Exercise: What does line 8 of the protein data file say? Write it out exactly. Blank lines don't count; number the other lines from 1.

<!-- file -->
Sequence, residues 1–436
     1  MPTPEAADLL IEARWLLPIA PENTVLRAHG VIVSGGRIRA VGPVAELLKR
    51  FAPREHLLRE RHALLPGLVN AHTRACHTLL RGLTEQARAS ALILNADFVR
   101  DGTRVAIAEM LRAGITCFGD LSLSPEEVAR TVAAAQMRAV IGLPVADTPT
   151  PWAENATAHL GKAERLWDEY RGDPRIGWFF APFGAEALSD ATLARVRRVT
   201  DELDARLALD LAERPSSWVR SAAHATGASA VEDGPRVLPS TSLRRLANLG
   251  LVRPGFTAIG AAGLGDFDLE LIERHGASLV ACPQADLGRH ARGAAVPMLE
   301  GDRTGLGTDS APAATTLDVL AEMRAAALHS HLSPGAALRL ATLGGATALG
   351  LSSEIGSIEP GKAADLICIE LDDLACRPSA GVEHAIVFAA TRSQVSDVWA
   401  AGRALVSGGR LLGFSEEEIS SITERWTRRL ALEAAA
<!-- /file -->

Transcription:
   301  GDRTGLGTDS APAATTLDVL AEMRAAALHS HLSPGAALRL ATLGGATALG